Managing Resistance in HCV-Infected Patients Treated with DAA Regimens | Free CME Program
The goal of these CME/CE activities are to help clinicians diagnose, treat, and manage patients with Hepatitis C using this interactive, dynamic, and continually updated resource at the point of care, via web or mobile device.
Contributing Editor: Robert G. Gish, MD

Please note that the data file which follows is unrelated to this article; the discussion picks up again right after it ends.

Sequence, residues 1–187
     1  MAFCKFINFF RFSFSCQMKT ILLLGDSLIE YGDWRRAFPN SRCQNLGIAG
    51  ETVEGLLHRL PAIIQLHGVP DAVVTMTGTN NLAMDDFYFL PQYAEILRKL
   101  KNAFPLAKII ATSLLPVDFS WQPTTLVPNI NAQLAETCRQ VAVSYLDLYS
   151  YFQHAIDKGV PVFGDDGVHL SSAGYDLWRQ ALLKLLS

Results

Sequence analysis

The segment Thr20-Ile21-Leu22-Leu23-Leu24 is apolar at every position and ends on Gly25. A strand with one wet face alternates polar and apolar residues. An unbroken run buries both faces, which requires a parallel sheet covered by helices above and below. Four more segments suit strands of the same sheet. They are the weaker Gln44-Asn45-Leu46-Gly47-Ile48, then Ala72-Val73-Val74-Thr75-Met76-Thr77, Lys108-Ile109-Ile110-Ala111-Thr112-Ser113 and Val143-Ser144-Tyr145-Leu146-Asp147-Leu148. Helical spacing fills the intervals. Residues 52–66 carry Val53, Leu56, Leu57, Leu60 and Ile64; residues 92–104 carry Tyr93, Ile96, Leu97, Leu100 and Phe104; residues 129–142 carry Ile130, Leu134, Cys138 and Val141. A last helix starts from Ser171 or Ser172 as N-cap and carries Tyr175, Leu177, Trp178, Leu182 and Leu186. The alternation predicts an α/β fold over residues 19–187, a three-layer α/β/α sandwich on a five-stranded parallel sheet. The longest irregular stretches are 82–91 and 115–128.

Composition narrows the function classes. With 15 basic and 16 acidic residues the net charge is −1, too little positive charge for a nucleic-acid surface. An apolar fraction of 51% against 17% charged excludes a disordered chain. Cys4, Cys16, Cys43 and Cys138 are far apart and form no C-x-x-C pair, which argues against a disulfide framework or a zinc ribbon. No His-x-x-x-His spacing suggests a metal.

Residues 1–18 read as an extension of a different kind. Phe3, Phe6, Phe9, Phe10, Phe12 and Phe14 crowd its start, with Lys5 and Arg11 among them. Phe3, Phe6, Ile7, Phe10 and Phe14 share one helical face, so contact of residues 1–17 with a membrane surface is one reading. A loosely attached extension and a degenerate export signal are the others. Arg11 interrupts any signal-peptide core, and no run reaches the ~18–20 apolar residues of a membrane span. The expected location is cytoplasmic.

INTRODUCTION: The emergence of viral resistance is an issue with current direct-acting antiviral (DAA) regimens, which work by directly targeting the hepatitis C virus (HCV) viral genome, whereas it was not an issue with peginterferon-based therapy, which works primarily by modulating the immune system. Any naturally occurring baseline mutation in the genome that confers resistance to a given DAA regimen has the potential to compromise the patient outcome of sustained virologic response (SVR) or cure. To offer patients the best access to the high cure rates associated with current DAA regimens, clinicians need to understand how resistance develops, how resistance has an impact on the potential for SVR, and in which regimens and patient groups resistance becomes clinically meaningful. In this chapter we will explain the basics of viral resistance, review data from key clinical trials demonstrating the impact of resistant mutations on SVR, and identify the indications for resistance testing in clinical practice.
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